Amit X. Garg, MD, PhD
Are sodium bicarbonate regimens effective and safe for prevention of contrast-induced nephropathy (CIN)?
Included studies assessed strategies involving intravenous sodium bicarbonate to prevent CIN in patients ≥ 18 years of age. Outcomes included CIN (25% increase in baseline serum creatinine level or absolute increase of 44 µmol/L [0.5 mg/dL] 2 to 5 d after administration of radiocontrast), mortality, heart failure, and need for dialysis.
MEDLINE, EMBASE/Excerpta Medica, and Cochrane Central Register of Controlled trials (all to Dec 2008); ClinicalTrials.gov; conference proceedings; and reference lists were searched for completed randomized controlled trials (RCTs). 23 RCTs (n = 3563, mean age > 48 y, 59% to 84% men, mean baseline serum creatinine 71 to 177 µmol/L [0.8 to 2.0 mg/dL]) met the selection criteria. 9 were published (n = 1846), and 14 were unpublished (n = 1717); 5 of the 9 published trials had Jadad scores ≥ 3. Most studies assessed patients having cardiac catheterization. 10 RCTs compared sodium bicarbonate with sodium chloride (saline), 8 compared sodium bicarbonate plus N-acetylcysteine with sodium chloride plus N-acetylcysteine, and 1 compared sodium bicarbonate plus oral acetazolamide with sodium chloride; other comparisons involved various combinations of sodium bicarbonate and sodium chloride with and without N-acetylcysteine.
Meta-analysis of published trials showed that sodium bicarbonate reduced risk for CIN compared with saline, whereas meta-analysis of unpublished studies showed no difference between groups (Table). Publication bias was present (Egger test P = 0.009). Groups did not differ for mortality, heart failure, or need for dialysis (Table).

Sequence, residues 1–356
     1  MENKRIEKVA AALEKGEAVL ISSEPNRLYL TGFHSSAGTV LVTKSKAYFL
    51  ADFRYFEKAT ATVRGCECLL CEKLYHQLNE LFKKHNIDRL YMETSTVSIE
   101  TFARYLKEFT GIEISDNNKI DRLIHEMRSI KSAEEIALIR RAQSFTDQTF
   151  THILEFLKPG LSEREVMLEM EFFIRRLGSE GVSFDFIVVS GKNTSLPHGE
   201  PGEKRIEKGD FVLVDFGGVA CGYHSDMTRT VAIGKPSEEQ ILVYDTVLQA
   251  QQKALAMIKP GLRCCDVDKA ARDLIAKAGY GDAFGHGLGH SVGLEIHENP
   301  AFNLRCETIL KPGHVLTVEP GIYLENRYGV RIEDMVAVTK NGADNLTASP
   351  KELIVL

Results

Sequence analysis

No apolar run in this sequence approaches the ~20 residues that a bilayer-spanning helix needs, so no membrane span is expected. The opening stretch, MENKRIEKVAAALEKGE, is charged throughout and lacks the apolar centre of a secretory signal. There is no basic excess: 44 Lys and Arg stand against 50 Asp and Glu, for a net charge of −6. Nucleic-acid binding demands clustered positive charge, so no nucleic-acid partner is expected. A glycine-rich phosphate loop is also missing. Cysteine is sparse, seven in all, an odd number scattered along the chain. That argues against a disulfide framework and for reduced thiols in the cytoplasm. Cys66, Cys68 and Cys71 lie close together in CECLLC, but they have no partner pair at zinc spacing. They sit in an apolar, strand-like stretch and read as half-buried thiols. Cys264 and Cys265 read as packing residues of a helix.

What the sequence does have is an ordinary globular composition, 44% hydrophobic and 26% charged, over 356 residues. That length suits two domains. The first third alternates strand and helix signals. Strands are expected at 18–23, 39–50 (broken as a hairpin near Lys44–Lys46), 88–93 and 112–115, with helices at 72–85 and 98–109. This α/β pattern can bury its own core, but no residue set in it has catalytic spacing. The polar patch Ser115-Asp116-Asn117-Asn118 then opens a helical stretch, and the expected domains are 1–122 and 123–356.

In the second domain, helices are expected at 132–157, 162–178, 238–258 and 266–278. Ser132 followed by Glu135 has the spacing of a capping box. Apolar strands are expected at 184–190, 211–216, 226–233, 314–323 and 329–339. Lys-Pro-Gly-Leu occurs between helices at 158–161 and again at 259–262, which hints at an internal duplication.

Evidence on the effectiveness of sodium bicarbonate regimens to prevent contrast-induced nephropathy is unclear.
Sodium bicarbonate vs saline to prevent contrast-induced nephropathy (CIN)*
*NS = not significant; other abbreviations defined in Glossary. Weighted event rates, RRR, NNT, and CI calculated from data in article using a random-effects model.
Garg AX. Review: Evidence on the effectiveness of sodium bicarbonate regimens to prevent contrast-induced nephropathy is unclear. Ann Intern Med. 2010;152:JC5–10. doi: 10.7326/0003-4819-152-10-201005180-02010
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Published: Ann Intern Med. 2010;152(10):JC5-10.
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